In the middle of all this arrives the comic relief (because this has been a very serious play up to this point…?) A teenaged boy, dressed in a gleaming white cheer outfit with a red letter “A” emblazoned on his chest (for Azusa, from A to Z and everything between in the USA, as someone is always prone to repeat) is thrown from a passing car and rolls onto our weird little scene. The teenager’s pants are down around his ankles and his legs are covered in large red scars and welts. We sit patiently while he, somewhat drunkenly and for a loooooooong time, shrieks, curses and berates the jerks who just tossed him on the side of the road. His ranting and scolding goes on, and on, and on, and on…all the while his pants stay down around his ankles. Thus the comic relief, I suppose.

Eventually he notices the weird bunch staring at him. An exchange of confusion ensues. It was actually refreshing to see the characters on stage in the same state of confusion as the audience.

Anyway, one thing and the other, and Willy freaks and fits and passes out…again…and the brothers argue who got who killed on that last heist…and suddenly, Cheerleader Boy goes into another loooooong rant about how they need to organize like a guerrilla war gang to save Willy’s planet-of-the-apes from the Weird Science Aliens. We get a looooooong academic, and totally hysterical lecture (by that, I don’t mean “funny,” but a character on the brink of a breakdown) on the inner workings of guerrilla warfare by Cheerleader Boy. Oh, no…the pants remain down around the ankles because, as he whines at one point, the fabric of his pants chafes against the welts of the “belt-whoopin’ he got from those dumb assholes.” So, the pants stay down around his ankles the entire show (but the bit about chafing at least affords us one small explanation for the whateverness that’s happening on stage).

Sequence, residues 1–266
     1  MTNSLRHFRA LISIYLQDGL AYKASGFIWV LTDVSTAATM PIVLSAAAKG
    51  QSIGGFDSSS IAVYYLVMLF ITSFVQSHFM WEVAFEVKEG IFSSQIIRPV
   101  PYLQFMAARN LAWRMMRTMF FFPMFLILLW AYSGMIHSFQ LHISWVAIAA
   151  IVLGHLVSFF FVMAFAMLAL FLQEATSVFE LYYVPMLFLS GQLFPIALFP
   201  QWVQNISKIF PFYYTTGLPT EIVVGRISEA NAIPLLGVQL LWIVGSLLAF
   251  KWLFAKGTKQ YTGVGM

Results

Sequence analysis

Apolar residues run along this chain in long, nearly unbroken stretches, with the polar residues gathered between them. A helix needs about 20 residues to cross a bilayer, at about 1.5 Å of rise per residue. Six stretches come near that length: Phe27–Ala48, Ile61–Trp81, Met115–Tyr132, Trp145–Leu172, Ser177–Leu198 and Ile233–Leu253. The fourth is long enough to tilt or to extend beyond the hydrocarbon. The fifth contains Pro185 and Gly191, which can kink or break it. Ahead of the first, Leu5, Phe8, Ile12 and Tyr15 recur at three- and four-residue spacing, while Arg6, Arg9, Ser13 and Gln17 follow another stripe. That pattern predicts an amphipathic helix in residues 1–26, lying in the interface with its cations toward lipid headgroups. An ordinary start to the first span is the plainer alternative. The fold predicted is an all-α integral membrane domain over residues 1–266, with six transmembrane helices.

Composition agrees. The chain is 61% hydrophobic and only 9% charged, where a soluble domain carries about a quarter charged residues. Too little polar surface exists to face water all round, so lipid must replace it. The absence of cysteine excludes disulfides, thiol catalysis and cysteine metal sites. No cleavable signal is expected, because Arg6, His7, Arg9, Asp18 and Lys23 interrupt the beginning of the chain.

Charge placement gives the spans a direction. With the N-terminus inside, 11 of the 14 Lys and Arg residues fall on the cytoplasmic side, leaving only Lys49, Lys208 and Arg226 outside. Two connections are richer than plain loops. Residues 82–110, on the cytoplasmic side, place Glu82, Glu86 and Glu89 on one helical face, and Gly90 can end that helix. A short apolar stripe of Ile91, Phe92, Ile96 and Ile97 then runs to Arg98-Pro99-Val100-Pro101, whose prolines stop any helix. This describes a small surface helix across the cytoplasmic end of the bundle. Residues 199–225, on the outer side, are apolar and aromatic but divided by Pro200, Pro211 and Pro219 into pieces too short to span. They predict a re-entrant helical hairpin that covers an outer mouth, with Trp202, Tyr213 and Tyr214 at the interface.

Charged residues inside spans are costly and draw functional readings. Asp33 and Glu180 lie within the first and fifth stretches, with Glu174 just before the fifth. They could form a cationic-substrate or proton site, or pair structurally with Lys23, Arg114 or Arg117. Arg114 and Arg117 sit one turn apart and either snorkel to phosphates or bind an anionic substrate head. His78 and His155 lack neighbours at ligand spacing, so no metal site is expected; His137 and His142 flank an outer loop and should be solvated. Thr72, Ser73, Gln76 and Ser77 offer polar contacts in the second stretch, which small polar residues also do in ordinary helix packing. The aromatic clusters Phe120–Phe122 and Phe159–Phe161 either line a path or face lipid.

But now, we have the real problem: The playwright, having painted himself into a corner with absolutely nowhere to go with the “plot,” throws a hail-Mary by pitching Willy into yet another non-sequitur fit, this time sucking the Cheerleader into it with him. The Cheerleader is left for dead, or maybe for a blithering idiot shivering on the floor (it was hard to tell). Having channeled the Cheerleader’s energy and his guerrilla warfare insight, Willy declares he is at last free of the Black Handprint on his head, points his glowing green index finger off stage left and runs away, never to be seen again.